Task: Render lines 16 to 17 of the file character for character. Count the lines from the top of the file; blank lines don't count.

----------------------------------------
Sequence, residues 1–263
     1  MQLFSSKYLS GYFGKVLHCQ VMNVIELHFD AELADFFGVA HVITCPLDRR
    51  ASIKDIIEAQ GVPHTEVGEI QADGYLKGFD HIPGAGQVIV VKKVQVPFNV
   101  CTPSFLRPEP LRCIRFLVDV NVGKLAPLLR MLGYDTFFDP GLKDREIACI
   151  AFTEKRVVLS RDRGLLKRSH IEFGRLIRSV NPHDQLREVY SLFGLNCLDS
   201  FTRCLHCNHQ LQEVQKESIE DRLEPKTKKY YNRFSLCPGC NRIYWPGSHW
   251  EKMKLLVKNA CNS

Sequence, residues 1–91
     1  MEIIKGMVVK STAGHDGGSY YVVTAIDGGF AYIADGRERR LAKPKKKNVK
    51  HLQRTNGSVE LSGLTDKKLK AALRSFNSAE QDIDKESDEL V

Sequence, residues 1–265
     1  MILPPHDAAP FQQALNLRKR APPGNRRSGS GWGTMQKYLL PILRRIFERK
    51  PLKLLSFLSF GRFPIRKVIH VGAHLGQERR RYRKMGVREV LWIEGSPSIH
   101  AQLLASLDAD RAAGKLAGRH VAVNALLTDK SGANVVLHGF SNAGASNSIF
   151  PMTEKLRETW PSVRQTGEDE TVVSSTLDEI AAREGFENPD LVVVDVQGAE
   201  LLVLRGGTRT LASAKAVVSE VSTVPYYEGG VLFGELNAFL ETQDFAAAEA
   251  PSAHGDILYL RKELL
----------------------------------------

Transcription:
   201  LLVLRGGTRT LASAKAVVSE VSTVPYYEGG VLFGELNAFL ETQDFAAAEA
   251  PSAHGDILYL RKELL